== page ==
• Gina says

        You are correct.

        I was steadily gaining weight when I was cooking the “CKK way”; I would consider it insidious weight gain, because I am an incredibly active individual (hot yoga, ashtanga, HIIT, and weight lifting every week) that could not keep the weight-gain at bay unless I maintained highly-consistent activity levels.

        I also experienced incredible shifts in mood/energy with a disastrous mid-day crash and early-evening coma-like energy depletion.

        My GERD also came back with a vengeance (due to Katie’s proclivity to put legumes in her desserts) and I could not unravel the mystery until I worked backwards and analyzed my food intake in the MyFitnessPal app.

        With CCK’s desserts (all very high carb per serving) I realized my daily caloric intake was about 45 – 60% carbohydrates; and my fats took a nose-dive, and my protein was sub-par.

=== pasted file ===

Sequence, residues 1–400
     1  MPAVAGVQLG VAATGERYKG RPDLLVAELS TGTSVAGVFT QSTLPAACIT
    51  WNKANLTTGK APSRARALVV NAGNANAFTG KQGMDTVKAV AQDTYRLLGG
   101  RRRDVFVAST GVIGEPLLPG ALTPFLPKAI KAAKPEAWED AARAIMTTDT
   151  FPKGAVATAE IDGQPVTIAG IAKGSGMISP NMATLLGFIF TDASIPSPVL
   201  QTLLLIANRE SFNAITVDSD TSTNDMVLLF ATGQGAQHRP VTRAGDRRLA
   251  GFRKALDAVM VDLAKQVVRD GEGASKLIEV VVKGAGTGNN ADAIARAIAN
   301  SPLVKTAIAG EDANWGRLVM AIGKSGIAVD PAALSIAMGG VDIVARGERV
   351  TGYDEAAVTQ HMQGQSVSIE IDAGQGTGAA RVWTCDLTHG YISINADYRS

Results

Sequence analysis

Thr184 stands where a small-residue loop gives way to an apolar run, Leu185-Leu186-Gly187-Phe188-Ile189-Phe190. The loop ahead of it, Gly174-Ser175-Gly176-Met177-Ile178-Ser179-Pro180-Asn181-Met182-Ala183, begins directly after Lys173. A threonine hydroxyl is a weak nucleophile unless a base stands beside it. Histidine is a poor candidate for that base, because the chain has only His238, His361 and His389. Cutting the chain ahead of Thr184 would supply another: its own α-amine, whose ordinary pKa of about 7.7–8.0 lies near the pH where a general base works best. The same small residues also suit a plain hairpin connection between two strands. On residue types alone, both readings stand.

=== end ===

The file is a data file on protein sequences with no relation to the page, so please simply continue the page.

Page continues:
At 5’4, I went from 112 – 117 lbs in about 3 weeks with Katie’s carb-laden treats. No one’s fault but my own, I realize; but I, too, was seduced by the promise of ‘healthy’ desserts, completely disregarding the carb content.

        Now, that I restrict my carbohydrates to less than 100g per day (which severely limits the recipes I can play with on this website) I realized just how carb-intensive her recipes are; some of her SINGLE-SERVING desserts smash through the DAILY QUOTA of my carbohydrate allotment. No wonder I was gaining weight!

        Now I am incredibly discriminating with which recipes I make here. I love the chocolate ones, and a few that eschew high carb counts. By doing this not only have I lost the insidious weight gain, but I’ve normalized my leptin/ghrelin and energy levels, and no longer suffer the mid-day or post-day crash.

        And my GERD cleared up.

        So, needless to say I’d be overjoyed if she made a low-carb index for recipes (;

  82. Anonymous says

    I just found myself looking through all this comments…
    Yup, I guess I’m the one who is a little scared of carbs. But to be honest, when nobody knows who I am, I can tell you I’m scared of a lot of things – and is diagnosed right now with an eating disorder. And I’m totally confused know, because IS carbs good or not? Can we all agree on, that you need to be careful with carbs, but not avoid them totally?
    Just asking:)

  83. Kaela says